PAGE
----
Silence is Deadly: USPSTF Revised Recommendations for Children Living in Larger Bodies Now Open for Comment

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While the United States Preventative Services Taskforce (USPSTF) made a positive change in dropping “obesity” and “overweight” from their recommendation, the primary focus is still on weight (BMI) and the main outcome is weight loss. Weight stigma we know from robust data causes profound harm to people living in larger bodies, and there’s no way to say to a family or a kid, “I’m recommending a form of intensive behavior and lifestyle therapy based on your child’s BMI…” without adding to weight stigma and causing harm. It doesn’t matter what tone of voice you use, or what words you put around it, or any other way you try to be sensitive about the topic. The focus always needs to be on health as defined by the patient and family, looking at actual conditions known to harm health, which would include high blood pressure, high cholesterol, high fasting blood glucose, and DEPRESSION, PTSD, ANXIETY, EATING DISORDERS, etc.

The preamble to this recommendation states, “The USPSTF is committed to helping reverse the negative impacts of systemic and structural racism, gender-based discrimination, bias, and other sources of health inequities, and their effects on health, throughout its work.”

Despite the USPSTF‘s stated commitment to reversing the impact of systemic racism, they fail to acknowledge that BMI is an outdated and inherently racist tool, created by a white man for use in white men (for insurance risk purposes) and applied to other racial groups without data specific to those racial groups (such as Black Americans, Hispanic Americans, Native Americans, Asian Americans). It is a tool that perpetuates weight stigma and systemic racism in medicine and disproportionately harms marginalized children.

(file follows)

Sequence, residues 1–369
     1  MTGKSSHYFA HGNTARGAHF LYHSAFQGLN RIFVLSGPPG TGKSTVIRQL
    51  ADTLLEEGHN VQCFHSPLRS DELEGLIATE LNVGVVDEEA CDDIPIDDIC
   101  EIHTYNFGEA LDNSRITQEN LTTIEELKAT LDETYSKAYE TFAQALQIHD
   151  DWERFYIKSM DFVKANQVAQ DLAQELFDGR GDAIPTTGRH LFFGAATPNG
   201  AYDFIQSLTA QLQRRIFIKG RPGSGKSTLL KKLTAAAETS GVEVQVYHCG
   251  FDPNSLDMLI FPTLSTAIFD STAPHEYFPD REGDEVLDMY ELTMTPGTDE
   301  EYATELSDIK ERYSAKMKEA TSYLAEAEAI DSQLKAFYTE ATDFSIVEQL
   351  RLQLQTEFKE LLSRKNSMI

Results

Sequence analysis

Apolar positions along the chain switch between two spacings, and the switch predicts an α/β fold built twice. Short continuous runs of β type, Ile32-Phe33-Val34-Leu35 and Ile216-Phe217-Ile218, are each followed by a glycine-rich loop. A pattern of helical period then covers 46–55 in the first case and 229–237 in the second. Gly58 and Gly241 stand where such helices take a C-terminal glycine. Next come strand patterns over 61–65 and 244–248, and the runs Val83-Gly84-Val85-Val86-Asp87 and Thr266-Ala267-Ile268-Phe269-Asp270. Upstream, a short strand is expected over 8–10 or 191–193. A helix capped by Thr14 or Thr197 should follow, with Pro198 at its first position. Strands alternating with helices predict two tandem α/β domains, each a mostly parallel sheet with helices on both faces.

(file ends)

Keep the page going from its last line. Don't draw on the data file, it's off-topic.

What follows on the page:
Another positive in the recommendation was the acknowledgment of potential harms outweighing benefits of weight loss medication for children (which the American Academy of Pediatrics supported in their latest recommendations) as well as the dangerous lack of any long-term data for children on those medications. The recommendation by USPSTF also acknowledges the data supporting their recommendation in this article (intensive behavioral and lifestyle interventions) has no long term data.

One of the most problematic pieces of the recommendation was its BMI-based recommendation for a therapy that many people don’t have access to. Intensive health behavior and lifestyle therapy (IHBLT) requires 26 hours minimum of contact over the course of a year. Many working parents with limited resources and more than one child to care for, even if they had access to such a therapy, would not practically be able to avail themselves of it. This puts both pediatricians who are trying to help and parents in quite a bind. Even those who are able to get to the therapy don’t always have providers of it geographically close to them.

In summary, any intervention for children that is based on the child’s size and that implicitly or explicitly focuses on weight loss as a goal adds to weight stigma. This must be acknowledged explicitly in the recommendation as a harm. Families deserve informed consent, and behavioral therapies come with their own set of potential “side effects.” Further, data to support recommendations from USPSTF needs to include more research that centers mental health outcomes and long term outcomes, especially for children. Finally, recommended interventions must be accessible to those they are intended to serve. We are facing massive burnout in medicine, with a medical workforce ill-equipped to identify eating disorder risk factors and ill-equipped to manage the explosion of mental health crisis facing our nation’s youth. A decade from now, if we continue to head in the current direction, that crisis will be exponentially worse.

Any of you who care about this issue and treat patients who have been harmed by weight stigma, please speak up. The full recommendation is currently available online and open for comments using the following link.:

Kim Dennis, MD
CMO, SunCloud Health

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